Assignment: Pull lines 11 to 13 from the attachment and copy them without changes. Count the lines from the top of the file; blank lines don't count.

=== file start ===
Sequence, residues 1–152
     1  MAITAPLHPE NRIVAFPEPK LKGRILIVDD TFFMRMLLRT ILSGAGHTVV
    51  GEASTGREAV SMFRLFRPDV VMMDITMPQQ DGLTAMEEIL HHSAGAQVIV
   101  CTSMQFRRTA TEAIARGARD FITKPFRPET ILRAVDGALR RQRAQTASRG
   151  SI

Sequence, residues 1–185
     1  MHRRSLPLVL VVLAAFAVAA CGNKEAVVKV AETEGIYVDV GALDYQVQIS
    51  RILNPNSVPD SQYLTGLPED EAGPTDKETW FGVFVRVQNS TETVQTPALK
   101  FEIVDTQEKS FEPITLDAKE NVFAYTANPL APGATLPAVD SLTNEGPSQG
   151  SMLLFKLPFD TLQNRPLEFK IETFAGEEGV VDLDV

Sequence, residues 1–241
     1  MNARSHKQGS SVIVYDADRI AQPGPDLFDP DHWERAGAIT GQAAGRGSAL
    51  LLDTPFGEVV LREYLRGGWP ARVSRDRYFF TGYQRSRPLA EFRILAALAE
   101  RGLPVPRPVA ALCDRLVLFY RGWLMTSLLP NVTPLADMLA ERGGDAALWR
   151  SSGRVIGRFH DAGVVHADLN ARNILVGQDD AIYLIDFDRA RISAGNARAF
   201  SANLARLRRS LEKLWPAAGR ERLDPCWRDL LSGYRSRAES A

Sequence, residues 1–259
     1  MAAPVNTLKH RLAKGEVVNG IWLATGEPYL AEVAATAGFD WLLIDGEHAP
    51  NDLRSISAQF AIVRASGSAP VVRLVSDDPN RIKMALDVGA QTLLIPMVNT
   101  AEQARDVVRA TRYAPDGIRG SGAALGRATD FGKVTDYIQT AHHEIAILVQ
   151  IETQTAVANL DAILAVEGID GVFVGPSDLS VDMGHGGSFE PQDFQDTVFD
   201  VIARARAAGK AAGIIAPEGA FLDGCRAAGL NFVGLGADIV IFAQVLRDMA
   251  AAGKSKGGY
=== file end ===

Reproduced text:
Sequence, residues 1–241
     1  MNARSHKQGS SVIVYDADRI AQPGPDLFDP DHWERAGAIT GQAAGRGSAL
    51  LLDTPFGEVV LREYLRGGWP ARVSRDRYFF TGYQRSRPLA EFRILAALAE